The Miami Dolphins 2020 NFL Draft is over and when the dust settled, they didn’t leave many needs remaining on their roster.
Entering the draft weekend, the Miami Dolphins roster was full of holes. With 14 picks entering the draft, the Dolphins were widely expected to trade some of that capital and move around to get top talented players. Instead, the Dolphins stuck to their board and left the draft with 11 new players.
The trades that Miami did make were not to move up great distances. Instead, they pooled a couple of late-round picks to move up to the top of a round. They moved to the top of round four moving two 4th round picks for the right to pick earlier.
There were no big moves here or there, they simply followed their board and made draft picks and in the process filled most of the holes on their roster.
Entering the draft, the Dolphins had needs at quarterback, running back, safety, defensive end, defensive line, and offensive line. When the draft ended, they hit all the spots and grabbed some high ceiling talent in the mid-rounds.
Quarterback: The common theme among Dolphins fans was that Miami was going to draft a quarterback. The only question was who would it be. That speculation ended with Tua Tagovailoa with the 5th overall pick. The fact Miami didn’t have to trade up and stuck to their guns was more impressive than actually pulling the proverbial trigger.
Running back: This was a point of contention in the draft as Miami failed to move up for a top running back and instead watched the top four in this class be taken off the board in front of them, including J.K. Dobbins who went one pick ahead of the Dolphins in round two.
Still, the Dolphins got better at the position. Despite not drafting a runner, Miami traded one of their two back-to-back 5th round picks to the 49’ers for Matt Breida. Breida has a lot of potential and has only been in the league for three seasons. His contract is up after the 2020 season and the Dolphins are content to play out the year before making a longer commitment.
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DE/DT: Entering the draft Miami needed to find some depth and potential long-term starters on the edge and on the line. They did just that in round two when they drafted Raekwon Davis who clearly made Brian Flores happy as seen on the television broadcast. Miami wasn’t done though. The common theme was versatility, players who could play up and down on the line. They added UNC edge rusher Jason Strowbridge who can play both DT and DE in round five, then later in round five added one of the best prospects in the draft, Curtis Weaver. Weaver was universally graded as an A+ pick by Miami.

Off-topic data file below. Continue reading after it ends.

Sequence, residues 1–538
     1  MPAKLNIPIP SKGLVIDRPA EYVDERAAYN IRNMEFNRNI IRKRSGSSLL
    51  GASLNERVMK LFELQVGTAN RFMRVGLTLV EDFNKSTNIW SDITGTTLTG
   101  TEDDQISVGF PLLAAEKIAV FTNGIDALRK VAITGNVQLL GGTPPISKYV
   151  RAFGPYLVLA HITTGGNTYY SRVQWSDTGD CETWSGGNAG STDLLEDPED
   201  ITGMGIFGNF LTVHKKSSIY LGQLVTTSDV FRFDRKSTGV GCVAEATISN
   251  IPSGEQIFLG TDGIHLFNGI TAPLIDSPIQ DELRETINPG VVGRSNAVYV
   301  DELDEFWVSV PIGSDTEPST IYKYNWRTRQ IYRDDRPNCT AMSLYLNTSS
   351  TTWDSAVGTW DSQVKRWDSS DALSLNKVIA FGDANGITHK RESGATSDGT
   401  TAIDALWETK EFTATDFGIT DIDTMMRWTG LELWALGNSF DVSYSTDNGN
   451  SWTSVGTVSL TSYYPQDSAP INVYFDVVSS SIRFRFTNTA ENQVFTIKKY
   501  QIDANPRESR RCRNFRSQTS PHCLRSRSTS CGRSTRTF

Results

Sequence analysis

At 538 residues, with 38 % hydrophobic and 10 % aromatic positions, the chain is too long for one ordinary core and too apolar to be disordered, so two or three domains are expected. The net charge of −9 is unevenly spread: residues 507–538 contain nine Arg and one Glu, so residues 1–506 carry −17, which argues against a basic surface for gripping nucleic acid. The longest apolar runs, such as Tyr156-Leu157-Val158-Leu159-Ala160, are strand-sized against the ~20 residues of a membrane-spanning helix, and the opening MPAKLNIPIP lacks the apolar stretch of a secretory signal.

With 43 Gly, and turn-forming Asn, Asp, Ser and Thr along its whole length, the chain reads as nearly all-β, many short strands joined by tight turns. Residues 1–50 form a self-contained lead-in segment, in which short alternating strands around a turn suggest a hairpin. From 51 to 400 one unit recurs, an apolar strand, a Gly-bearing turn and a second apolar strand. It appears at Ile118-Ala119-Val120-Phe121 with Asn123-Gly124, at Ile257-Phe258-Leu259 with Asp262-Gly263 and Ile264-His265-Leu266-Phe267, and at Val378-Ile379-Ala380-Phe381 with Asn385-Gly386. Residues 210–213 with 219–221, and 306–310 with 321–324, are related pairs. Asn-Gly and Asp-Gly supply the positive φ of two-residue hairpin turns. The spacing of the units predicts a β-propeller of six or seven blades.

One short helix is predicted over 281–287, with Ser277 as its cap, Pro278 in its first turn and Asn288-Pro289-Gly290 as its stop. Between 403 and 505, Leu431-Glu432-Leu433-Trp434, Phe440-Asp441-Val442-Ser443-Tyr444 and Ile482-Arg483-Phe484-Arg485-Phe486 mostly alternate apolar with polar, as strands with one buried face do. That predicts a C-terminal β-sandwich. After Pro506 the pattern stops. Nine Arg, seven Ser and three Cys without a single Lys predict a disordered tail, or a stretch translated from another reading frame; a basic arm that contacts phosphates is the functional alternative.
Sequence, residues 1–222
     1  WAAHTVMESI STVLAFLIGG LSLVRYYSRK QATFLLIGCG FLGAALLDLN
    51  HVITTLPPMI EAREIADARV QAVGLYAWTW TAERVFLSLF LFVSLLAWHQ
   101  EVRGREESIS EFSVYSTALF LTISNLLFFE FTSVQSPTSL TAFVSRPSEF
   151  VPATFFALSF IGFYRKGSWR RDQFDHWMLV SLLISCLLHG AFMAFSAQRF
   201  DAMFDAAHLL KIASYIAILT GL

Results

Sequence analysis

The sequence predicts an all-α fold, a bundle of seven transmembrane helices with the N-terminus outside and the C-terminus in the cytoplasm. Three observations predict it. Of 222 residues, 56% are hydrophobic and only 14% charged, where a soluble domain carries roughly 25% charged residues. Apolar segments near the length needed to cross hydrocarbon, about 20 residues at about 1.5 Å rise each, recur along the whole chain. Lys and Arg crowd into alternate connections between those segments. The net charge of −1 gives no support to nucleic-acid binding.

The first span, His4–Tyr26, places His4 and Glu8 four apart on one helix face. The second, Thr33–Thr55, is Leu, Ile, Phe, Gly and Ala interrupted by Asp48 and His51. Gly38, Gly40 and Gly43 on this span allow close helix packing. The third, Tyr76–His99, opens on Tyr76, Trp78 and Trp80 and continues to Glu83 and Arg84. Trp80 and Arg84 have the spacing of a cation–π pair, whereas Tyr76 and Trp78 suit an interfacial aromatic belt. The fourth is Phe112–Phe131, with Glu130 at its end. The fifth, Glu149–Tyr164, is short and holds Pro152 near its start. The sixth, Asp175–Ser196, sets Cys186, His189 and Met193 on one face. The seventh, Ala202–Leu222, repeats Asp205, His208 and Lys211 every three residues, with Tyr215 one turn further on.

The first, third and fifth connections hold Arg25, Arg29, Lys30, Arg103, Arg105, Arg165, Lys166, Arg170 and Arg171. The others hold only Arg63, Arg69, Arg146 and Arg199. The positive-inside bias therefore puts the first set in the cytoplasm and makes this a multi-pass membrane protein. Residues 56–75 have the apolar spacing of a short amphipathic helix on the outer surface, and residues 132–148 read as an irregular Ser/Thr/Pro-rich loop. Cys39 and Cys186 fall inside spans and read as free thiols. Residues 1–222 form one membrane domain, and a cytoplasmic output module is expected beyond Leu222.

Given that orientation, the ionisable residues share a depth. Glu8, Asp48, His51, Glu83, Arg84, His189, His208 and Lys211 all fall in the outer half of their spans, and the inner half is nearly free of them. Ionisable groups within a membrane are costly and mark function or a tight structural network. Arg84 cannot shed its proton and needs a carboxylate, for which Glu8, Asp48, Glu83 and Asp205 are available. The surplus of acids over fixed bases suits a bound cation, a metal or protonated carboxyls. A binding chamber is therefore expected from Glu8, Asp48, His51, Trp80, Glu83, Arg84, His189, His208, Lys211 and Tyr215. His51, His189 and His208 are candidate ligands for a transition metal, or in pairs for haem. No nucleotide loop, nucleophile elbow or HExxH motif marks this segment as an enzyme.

Weaver slid due to a myriad of reasons but if he can stay focused, he could be one of the best edge rushers in the class.
Safety: Miami needed to replace Reshad Jones but they opted lineman and defensive front help early in the draft. In round three, they added Brandon Jones. Jones will replace Reshad Jones and shares similar traits. He is able to play both safety spots and can also play on the line to rush the passer if needed.
Offensive line: No other position needed to be fixed more than the offensive line and the Dolphins not only drafted players they attacked the positions. Miami used their second pick in round one on Austin Jackson then doubled down with Robert Hunt in round two. In round four, the Dolphins moved up to 111 overall, trading both later 4th round picks to draft Solomon Kindley. The common thread between them? They are big lineman with mauler type tendencies. All three physical players who can dominate defenders.
Non-need draft picks
Cornerback: The Dolphins didn’t need to draft a cornerback and especially didn’t need to do it early. Still, that is what they did with their third pick in round one. Noah Igbinoghene became Miami’s last day one draft pick. He will likely start out as a nickel corner but can play the outsides as well. While it was a surprise, Chris Grier said they stuck to their boards and drafted the best player on it at that time.
Wide-Receiver: Miami didn’t have a lot of need at WR so for six rounds they didn’t bother to draft anyone. In round seven, they added Malcom Perry with pick 246 overall. He will compete for a practice squad spot. Perry is another versatile player who can play outside or in and can throw the ball and run the ball as well.
Long Snapper: Yes the Dolphins spent a draft pick on a long snapper, Blake Ferguson. Considered the most consistent LS in college, he will challenge his long time friend Taybor Pepper for the Dolphins starting job in 2020.